The Daily Gamecock

Student searches for stem cell donor for father

A year ago, Tom Villeneuve noticed a strange rash on his skin. When he went to the doctor’s office, he left with a rare diagnosis — Sézary Syndrome, a type of cutanaceous lymphoma.

“It is hard to diagnose so I felt lucky that my dermatologist ran the right test,” he said.
The disease is an accumulation of T-cells on the skin and in Villeneuve’s case, in his blood stream.

“I was pretty devastated when I found out because I have been very healthy up until this point in my life,” he said.

Villeneuve has done rounds of chemotherapy and radiation, but the only way to fully be cured is with an allogenic stem cell transplant.

To do a blood stem cell transplant, a donor’s blood will be passed through a machine that removes all of the stem cells out of the blood. The original blood is then returned to the donor and the stem cells are given to the patient. Without the transplant, Villeneuve could never truly be cured, as he would continue to go into remission.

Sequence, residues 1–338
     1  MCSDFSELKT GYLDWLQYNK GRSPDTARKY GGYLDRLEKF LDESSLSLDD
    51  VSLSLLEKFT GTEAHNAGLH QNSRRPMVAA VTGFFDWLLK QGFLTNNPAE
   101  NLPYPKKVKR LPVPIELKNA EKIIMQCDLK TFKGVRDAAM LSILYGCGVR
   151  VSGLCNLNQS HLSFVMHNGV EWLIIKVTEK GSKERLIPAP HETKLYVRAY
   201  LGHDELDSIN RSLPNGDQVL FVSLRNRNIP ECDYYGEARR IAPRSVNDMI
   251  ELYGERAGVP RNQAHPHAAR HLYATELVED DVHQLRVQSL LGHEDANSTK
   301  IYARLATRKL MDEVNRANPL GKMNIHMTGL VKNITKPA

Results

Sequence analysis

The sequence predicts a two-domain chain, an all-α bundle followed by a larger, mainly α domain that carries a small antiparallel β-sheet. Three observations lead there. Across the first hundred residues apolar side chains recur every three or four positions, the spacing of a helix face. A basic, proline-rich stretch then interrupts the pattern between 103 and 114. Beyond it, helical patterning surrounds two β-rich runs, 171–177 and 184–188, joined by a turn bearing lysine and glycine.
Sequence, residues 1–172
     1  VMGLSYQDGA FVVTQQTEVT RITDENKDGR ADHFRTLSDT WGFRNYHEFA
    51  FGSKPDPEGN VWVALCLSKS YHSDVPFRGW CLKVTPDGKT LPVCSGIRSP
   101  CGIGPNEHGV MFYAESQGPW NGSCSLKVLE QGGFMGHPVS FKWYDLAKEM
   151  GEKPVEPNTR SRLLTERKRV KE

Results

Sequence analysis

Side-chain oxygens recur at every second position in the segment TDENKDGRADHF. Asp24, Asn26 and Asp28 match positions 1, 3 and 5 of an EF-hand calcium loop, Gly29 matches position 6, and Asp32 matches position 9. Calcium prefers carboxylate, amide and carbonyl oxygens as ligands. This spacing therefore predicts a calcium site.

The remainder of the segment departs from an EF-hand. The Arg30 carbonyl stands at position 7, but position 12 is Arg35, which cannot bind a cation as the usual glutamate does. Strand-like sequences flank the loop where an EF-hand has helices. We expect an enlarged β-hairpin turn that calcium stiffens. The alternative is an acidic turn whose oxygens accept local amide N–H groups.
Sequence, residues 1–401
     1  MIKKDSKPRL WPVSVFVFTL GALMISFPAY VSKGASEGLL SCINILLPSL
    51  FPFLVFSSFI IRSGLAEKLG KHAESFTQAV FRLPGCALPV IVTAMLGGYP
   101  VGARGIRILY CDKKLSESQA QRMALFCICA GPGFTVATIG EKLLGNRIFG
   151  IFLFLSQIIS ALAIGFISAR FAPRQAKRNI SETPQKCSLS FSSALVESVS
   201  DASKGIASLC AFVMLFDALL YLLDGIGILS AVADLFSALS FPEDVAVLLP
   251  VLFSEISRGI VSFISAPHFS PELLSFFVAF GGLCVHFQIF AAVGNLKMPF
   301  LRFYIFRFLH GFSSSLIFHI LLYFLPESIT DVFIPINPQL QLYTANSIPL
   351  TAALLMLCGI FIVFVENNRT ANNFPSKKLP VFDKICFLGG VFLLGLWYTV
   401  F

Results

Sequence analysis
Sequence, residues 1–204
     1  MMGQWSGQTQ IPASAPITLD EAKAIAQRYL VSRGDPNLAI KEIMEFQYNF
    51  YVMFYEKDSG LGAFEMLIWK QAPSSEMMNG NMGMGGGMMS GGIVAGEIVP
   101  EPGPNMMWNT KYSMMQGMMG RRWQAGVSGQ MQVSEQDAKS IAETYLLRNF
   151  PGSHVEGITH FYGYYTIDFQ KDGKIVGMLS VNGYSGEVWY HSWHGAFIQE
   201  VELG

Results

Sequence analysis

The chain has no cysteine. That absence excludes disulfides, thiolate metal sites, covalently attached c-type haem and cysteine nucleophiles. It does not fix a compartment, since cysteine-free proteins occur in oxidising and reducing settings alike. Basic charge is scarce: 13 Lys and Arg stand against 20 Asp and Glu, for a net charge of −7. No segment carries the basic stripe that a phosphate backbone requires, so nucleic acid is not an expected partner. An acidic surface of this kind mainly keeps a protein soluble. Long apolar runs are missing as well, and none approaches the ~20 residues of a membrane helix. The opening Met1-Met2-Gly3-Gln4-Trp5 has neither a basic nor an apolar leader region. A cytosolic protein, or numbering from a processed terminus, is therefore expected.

“Sometimes remission can be two months and sometimes two years,” he said.

His son, Eric Villeneuve, a second-year criminal justice student and a member of Army ROTC at USC, says it was difficult for him to process his father’s diagnosis

“My reaction was that I was shocked, I didn’t really want to believe it even though I new it was true,” Eric Villeneuve said.

He has since decided to reach out to the USC community to try and help his father and others who have rare diseases like his.

He reached out to Alexi McHugh, a second-year public health student and Student Government Secretary of Campus Health and Wellness, to help find a match for his father.

McHugh and Megan Plassmeyer, a first-year public health student and Deputy Secretary of Campus Health and Wellness, teamed up with the Be the Match organization, which helps find marrow donors for patients and has the largest, most diverse marrow registry in the world. With the organization’s help, they are now working to plan a swab drive called Test for Tom to try and find a donor.

They are in the process of finding a date and location to hold the event and will be using various ways to spread the word about the swab drive, including social media. Eric Villeneuve and other volunteers will also be trained by Be The Match to take cheek swabs and seal them to send and find potential matches.

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